I just returned from the World Economic Forum's Annual Meeting in Davos, Switzerland. More than 2,500 business, civil society, religious, governmental and youth leaders, from "tech pioneers" to "young global leaders" to business tycoons. Bill Gates and Bono dropped by, too many prime ministers to count -- even the Tiger Mom was there. It's an impressive grouping and the ideas flow freely.
The focus this year at Davos was "Shared Norms for the New Reality". In conversations about development issues, we wrestled with gender issues, financial gaps, new strategies for healthcare delivery, and how to connect social entrepreneurs to the larger social and economic reality, among many other topics.
One topic that was not on the agenda enough, from my perspective, is the crushing challenge of demographics in many developing countries. India's reps spoke positively of their "demographic dividend", but we know that such a dividend can turn into a disaster absent the right policies to get young people educated and into jobs and to keep fertility rates at sustainable levels. In some other parts of the world, there is only demographic disaster, as population growth is unable to be matched by growing per capita incomes and jobs. We know there are at least 200 million women in the developing world, for example, who want and need access to modern family planning methods, but who don't have that access. As a result, family sizes are large, infant and maternal mortality is high, and the social strain is great on countries and societies that are wrestling with the toughest of development challenges.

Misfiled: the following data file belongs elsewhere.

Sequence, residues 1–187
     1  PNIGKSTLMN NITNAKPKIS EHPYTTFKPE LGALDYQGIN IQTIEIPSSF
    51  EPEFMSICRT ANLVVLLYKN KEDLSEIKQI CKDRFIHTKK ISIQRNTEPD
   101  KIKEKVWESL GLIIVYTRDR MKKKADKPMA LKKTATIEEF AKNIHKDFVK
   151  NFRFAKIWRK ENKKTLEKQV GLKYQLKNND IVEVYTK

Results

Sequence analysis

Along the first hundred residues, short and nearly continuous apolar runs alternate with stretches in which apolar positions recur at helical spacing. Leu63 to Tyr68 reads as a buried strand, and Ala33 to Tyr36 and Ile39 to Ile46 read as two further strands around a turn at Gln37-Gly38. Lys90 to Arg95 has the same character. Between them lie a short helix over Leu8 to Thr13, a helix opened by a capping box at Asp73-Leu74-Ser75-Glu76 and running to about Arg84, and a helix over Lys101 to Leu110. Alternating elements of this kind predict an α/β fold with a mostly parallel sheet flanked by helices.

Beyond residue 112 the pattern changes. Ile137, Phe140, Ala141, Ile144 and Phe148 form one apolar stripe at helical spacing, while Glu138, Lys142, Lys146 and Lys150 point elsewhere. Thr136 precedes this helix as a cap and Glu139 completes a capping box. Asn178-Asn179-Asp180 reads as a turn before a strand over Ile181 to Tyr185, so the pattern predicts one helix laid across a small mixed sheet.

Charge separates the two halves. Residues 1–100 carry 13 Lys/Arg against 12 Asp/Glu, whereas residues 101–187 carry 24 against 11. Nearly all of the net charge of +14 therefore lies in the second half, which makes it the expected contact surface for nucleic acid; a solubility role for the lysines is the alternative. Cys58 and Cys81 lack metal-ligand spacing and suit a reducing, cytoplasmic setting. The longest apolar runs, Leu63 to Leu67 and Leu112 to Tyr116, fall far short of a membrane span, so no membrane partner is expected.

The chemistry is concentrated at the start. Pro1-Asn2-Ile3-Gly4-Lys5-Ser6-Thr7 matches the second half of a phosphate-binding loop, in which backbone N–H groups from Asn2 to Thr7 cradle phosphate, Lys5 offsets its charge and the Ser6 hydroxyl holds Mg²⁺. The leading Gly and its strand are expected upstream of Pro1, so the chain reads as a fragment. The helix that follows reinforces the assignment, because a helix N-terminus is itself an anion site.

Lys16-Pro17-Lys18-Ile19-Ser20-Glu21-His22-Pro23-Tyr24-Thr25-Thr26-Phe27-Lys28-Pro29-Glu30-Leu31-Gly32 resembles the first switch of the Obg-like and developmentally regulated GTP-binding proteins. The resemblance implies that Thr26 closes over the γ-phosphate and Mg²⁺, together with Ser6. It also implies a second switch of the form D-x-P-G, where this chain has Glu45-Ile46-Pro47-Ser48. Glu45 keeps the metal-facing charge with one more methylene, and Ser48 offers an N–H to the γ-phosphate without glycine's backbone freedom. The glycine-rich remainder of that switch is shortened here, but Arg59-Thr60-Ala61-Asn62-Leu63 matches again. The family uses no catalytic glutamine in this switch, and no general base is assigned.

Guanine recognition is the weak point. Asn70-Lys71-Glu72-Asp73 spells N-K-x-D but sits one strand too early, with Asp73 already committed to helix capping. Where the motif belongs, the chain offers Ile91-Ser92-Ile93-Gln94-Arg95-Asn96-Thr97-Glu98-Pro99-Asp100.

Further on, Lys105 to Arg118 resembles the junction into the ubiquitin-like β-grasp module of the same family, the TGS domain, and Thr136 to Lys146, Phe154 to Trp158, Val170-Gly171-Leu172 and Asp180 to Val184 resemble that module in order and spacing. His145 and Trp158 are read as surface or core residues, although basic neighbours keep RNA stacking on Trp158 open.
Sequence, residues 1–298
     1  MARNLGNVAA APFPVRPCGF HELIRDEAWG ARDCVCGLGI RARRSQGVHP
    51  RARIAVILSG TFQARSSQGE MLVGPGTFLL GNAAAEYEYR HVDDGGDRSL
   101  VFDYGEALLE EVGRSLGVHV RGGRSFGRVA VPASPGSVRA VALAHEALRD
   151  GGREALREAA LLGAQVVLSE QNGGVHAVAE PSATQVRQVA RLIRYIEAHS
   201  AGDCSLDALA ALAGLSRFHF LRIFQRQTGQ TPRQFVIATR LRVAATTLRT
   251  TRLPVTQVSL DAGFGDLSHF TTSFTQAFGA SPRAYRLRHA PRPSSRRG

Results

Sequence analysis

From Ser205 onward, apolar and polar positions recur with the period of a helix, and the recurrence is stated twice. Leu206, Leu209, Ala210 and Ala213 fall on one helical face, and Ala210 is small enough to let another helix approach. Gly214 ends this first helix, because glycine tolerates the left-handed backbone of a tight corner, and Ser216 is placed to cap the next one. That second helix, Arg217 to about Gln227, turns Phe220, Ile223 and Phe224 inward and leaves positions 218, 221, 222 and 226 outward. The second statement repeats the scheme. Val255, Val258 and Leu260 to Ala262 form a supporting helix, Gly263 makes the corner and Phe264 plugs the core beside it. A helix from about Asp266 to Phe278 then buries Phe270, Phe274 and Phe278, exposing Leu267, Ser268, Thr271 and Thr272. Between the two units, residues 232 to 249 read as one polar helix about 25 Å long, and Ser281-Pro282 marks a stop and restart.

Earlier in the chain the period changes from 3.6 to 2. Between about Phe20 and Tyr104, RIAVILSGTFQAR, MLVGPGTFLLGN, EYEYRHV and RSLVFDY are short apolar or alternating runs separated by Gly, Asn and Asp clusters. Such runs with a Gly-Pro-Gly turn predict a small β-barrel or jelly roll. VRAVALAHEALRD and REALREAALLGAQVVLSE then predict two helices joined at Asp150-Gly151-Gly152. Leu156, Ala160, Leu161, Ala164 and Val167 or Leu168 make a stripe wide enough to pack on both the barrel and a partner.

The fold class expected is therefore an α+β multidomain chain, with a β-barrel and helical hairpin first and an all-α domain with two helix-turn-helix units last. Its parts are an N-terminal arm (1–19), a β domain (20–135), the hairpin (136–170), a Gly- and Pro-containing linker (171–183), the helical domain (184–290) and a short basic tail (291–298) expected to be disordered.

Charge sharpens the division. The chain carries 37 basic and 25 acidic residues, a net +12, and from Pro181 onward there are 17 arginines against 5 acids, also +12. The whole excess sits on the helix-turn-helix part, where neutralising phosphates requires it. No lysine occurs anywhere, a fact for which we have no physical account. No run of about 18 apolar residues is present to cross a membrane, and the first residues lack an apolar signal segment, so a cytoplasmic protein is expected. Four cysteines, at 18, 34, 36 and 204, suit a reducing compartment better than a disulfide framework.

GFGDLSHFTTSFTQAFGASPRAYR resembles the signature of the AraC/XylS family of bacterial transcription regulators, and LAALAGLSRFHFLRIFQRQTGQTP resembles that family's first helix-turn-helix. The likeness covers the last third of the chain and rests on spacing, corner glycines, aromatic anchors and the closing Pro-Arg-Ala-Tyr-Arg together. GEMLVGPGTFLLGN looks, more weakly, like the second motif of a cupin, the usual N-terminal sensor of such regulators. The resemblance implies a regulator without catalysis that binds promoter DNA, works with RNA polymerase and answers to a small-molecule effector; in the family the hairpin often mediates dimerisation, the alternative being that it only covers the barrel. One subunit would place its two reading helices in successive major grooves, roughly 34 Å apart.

Last year at Davos, the Young Global Leaders launched the MDG Pledge Initiative, and PSI's own Kate Roberts stepped up with an ambitious pledge to improve the lives of millions through our work in disease prevention and reproductive health. This initiative prompts broader scale action for the MDGs through a unique open-source registry website. Functioning similar to the user review website Yelp, the site serves to encourage all people and groups to make their own pledges and share them through social networking tools.
But this and other very laudable pledges will fall short, despite the best intentions, if we cannot help women and families get the access to family planning they want and need to help them control their family's growth and their own reproductive health.
Some at Davos are working to mainstream these conversations, and we will continue to support them. No serious global forum on the MDGs, and development and economic issues in general can afford to be quiet on the population issue, when it is the gateway through which passes so much social progress. The global MDG countdown to 2015 is coming. The World Economic Forum at Davos is a small crossroads of the world that reminds us how much international cooperation is possible -- and is still needed -- to tackle issues of this magnitude.